BBC presenter Andrew Marr has made his first television appearance since suffering a stroke three and a half months ago.
Marr told viewers of his Sunday morning current affairs show that he was "frankly lucky to be alive" after what he had been through.
He said that walking was still difficult and his left arm "isn't much good yet" but his voice and memory were unimpaired.
He blamed a combination of overwork and excessive exercise for what happened to him.
"I had a major stroke, I'm frankly lucky to be alive. I had been heavily overworking - mostly my own fault - in the year before that," he said.
"I'd had two minor strokes, it turned out, in that year - which I hadn't noticed - and then I did the terrible thing of believing what I read in the newspapers, because the newspapers were saying what we must all do is take very intensive exercise, in short bursts, and that's the way to health.
"Well I went onto a rowing machine and gave it everything I had, and had a strange feeling afterwards - a blinding headache, and flashes of light - served out the family meal, went to bed, woke up the next morning lying on the floor unable to move.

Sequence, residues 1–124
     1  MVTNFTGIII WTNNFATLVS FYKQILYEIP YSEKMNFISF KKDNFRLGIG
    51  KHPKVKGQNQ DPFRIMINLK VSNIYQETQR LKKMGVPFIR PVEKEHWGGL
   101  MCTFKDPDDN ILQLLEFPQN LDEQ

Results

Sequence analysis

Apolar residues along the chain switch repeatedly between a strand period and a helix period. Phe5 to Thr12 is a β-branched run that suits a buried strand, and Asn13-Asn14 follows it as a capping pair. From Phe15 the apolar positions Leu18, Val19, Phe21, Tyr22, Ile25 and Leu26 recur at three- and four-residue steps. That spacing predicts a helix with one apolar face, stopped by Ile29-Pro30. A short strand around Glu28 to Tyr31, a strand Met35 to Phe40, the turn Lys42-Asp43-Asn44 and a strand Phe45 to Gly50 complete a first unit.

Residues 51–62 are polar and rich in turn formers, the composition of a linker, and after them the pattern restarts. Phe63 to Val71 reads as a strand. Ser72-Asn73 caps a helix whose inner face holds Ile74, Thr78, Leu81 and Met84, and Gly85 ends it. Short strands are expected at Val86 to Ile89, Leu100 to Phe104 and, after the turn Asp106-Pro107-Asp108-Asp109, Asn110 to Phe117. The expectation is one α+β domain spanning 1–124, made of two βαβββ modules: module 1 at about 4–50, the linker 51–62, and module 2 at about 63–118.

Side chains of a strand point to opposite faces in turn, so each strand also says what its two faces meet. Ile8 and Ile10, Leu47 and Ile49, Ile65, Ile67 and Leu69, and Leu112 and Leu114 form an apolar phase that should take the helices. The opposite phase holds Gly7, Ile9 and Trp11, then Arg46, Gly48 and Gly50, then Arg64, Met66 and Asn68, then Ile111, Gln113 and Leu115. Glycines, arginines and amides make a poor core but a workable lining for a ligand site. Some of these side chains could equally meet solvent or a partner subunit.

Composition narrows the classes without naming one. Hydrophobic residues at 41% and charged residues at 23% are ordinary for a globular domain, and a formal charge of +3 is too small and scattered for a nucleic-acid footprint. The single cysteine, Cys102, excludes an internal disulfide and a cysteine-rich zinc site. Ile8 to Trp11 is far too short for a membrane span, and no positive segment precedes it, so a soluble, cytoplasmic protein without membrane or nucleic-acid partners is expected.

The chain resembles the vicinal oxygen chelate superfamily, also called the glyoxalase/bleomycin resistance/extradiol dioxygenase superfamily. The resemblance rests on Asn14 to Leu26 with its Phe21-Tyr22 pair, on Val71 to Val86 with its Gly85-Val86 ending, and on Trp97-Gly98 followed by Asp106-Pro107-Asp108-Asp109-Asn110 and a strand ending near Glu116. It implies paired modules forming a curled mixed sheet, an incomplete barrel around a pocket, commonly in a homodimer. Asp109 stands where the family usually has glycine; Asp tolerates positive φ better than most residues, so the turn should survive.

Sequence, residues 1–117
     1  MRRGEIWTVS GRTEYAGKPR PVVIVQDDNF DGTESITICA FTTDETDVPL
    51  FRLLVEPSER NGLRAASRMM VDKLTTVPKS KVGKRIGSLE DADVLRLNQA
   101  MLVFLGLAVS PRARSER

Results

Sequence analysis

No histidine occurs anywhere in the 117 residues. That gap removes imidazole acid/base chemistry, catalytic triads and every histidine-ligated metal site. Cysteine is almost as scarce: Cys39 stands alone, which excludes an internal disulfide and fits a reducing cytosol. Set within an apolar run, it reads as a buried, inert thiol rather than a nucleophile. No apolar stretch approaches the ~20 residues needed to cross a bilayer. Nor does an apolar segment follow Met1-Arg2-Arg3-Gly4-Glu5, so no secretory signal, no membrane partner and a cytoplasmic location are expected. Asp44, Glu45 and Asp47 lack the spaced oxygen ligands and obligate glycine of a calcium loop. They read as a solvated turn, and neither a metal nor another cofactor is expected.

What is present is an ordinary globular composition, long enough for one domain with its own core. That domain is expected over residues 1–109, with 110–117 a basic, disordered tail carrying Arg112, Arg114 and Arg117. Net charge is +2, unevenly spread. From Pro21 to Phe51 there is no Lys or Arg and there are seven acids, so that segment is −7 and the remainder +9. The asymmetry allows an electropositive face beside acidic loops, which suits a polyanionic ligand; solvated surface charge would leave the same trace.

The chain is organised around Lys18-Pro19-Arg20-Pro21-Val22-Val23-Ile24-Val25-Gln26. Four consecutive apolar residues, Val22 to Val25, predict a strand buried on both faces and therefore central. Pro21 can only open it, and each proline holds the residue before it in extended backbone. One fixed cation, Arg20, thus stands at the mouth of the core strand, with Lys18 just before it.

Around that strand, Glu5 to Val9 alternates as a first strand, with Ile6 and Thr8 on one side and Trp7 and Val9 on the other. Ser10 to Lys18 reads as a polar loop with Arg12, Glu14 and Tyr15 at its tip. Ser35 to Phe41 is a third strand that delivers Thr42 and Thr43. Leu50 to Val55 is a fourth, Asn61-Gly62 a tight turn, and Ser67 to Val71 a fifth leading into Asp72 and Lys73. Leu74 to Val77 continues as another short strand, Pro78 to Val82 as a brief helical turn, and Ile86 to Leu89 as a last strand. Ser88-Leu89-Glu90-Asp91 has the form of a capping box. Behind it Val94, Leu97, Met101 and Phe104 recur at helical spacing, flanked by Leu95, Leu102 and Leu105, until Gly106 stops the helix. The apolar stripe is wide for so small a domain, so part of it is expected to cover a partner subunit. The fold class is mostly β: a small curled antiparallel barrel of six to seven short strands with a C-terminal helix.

"And what I'd done, I'd torn the carotid artery, which takes blood into the brain, and had a stroke overnight - which basically wipes out a bit of your brain.
"In my case, luckily not my voice or memory or anything like that, but the whole left hand side of my body, which is why I'm still not able to walk fluently - I do a kind of elegant hobble is the best I can manage; my left arm isn't much good yet. I've got a lot of physio still to do."
Marr pre-recorded interviews with the Conservative former Cabinet minister Lord Parkinson and the Labour peer Baroness Kennedy yesterday at Broadcasting House.
The live section of the programme continues to be hosted by guest presenters, with news reader Sophie Raworth standing in today.
Marr assured her however that he remained determined to return to full-time duties.
"The only way through is intensive physio and doing a lot of it. And I'm now in the period where if I really concentrate on the physio, I will get better, and if I don't, I won't. Which is why I'm not back trying to do the job full-time, I have to say," he said.
"I'm going to be taking your chair I'm absolutely sure, when I'm ready. I'm certainly coming back. I've got a lot more to say about it all, but I'm going to wait until I've gone through the physio to do so."